The research findings in wilderness therapy groups and programs is divided into three categories: youth-problem behavior groups, psychiatric treatment groups and wilderness family therapy groups. Within the youth problem behavior group discussed below is included discussion of youth-at-risk and youth who have been adjudicated and are part of the criminal justice system.
Research by Russell and others (1998) on a sample of programs serving youth with problem behaviors has indicated that these wilderness therapy programs result in increased self-concept, self-esteem and self-efficacy which leads to a sense of personal power and motivation to take control and responsibility for their lives. The participants also learned how to communicate with others.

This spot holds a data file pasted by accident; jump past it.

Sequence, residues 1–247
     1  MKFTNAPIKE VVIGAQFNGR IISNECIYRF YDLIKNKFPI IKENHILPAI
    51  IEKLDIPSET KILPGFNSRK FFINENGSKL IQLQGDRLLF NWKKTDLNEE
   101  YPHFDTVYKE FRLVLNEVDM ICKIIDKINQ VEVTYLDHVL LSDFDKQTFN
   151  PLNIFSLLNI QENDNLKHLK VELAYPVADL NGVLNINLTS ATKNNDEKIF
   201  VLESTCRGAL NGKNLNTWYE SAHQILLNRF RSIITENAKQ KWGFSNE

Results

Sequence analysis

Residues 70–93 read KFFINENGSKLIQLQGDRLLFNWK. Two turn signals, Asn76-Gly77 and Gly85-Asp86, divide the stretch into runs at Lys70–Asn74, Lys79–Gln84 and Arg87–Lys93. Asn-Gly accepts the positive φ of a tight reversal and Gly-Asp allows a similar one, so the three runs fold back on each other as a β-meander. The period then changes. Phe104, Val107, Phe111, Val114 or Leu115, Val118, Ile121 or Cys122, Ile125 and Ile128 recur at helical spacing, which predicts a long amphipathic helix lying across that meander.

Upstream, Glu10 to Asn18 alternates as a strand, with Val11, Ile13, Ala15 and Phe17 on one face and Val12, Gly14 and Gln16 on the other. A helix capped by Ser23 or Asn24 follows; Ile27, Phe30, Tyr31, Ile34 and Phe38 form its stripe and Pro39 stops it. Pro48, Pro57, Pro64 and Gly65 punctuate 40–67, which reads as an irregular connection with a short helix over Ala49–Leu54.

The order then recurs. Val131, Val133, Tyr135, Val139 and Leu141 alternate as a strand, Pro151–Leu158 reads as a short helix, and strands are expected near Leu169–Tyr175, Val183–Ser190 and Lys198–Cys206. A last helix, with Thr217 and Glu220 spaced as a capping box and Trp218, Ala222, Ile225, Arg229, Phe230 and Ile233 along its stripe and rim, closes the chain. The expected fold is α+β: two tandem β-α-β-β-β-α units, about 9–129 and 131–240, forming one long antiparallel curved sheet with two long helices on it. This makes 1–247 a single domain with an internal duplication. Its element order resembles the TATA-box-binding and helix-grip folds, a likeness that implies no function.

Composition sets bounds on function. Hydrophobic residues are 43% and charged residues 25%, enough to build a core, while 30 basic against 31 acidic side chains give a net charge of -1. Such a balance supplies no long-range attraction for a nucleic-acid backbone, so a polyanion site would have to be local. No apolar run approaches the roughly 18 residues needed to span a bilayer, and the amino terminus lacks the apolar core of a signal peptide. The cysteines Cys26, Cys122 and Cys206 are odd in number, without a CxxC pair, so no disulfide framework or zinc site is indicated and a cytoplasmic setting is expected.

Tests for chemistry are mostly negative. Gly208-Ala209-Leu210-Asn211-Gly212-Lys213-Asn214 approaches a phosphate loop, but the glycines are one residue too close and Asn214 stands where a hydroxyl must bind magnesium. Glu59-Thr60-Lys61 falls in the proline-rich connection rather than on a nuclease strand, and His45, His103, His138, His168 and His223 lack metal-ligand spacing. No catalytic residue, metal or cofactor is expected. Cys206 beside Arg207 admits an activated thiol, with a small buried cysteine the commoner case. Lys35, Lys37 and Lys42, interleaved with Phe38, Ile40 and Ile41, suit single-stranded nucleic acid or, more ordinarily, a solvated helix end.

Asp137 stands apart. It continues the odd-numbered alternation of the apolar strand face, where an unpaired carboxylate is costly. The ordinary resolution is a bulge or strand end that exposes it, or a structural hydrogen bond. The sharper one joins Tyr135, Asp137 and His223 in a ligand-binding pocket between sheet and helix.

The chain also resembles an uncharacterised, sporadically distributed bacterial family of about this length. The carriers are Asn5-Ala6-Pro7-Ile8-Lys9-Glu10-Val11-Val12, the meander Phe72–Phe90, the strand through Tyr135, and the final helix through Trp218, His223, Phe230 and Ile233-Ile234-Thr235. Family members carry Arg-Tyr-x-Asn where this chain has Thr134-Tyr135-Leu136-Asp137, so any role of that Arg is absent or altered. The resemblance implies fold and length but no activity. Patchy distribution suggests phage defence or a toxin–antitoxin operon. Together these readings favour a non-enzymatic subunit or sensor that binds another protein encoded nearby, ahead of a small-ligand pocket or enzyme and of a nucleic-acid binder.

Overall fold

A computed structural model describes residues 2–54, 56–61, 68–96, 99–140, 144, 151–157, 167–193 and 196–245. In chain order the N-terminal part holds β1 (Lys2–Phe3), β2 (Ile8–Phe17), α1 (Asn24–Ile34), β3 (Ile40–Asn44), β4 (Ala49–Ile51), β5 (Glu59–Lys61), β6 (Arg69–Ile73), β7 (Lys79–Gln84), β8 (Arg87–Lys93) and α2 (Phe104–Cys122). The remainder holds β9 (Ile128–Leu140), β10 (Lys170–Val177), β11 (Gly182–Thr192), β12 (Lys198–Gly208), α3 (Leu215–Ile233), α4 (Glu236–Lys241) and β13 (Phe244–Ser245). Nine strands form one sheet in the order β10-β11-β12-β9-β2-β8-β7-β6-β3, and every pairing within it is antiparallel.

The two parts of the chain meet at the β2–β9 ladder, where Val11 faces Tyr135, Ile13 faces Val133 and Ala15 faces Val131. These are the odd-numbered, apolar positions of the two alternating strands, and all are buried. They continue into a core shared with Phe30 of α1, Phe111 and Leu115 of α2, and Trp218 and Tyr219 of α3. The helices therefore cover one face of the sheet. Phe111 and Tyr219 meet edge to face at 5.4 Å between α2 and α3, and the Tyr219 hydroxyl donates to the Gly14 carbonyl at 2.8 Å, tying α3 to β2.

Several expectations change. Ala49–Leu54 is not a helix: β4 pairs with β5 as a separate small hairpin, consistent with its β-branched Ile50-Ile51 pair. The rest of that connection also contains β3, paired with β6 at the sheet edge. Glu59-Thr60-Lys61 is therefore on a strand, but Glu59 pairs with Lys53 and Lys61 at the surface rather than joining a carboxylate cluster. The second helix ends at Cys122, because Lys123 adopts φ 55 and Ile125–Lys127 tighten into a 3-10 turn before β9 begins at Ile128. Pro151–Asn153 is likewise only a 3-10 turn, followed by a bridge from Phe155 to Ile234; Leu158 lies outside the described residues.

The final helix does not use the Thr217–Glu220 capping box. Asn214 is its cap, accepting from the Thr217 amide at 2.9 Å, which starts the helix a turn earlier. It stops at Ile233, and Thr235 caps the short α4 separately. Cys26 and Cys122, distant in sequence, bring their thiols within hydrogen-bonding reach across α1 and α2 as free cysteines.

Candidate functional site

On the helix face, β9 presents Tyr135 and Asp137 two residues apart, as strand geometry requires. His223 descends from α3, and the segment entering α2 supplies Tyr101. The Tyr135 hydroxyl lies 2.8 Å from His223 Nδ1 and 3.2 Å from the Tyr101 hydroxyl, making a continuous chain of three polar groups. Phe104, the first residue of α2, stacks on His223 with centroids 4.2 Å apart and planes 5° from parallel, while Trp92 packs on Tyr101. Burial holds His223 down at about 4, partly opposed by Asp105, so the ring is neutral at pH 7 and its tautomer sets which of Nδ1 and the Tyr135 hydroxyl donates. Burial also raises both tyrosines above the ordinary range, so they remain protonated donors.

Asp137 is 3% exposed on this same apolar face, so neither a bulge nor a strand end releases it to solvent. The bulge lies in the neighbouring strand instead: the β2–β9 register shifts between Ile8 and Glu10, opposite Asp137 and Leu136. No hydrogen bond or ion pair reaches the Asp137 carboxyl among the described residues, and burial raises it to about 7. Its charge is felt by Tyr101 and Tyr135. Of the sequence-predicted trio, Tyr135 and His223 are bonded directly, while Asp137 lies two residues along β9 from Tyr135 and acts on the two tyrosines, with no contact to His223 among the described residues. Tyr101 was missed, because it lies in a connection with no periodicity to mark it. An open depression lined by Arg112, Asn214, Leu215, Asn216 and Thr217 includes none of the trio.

Neill and Heubeck (1998) found that participation in a nine day wilderness program for at-risk youth resulted in more productive coping styles and less nonproductive coping styles.
Gillis and Simpson (1991) found that an adventure-based therapy approach was effective in reducing conduct-disordered behavior associated with delinquency and drug use by court involved youth. They found that participants had decreased levels of depression, obsessive compulsive behavior, disorganized thinking, manic excitement and anxiety as a result of participation in the program. Their findings suggest that action-oriented, adventure-based therapy may be helpful in allowing adolescents to become more insightful and to benefit from more traditional forms of treatment.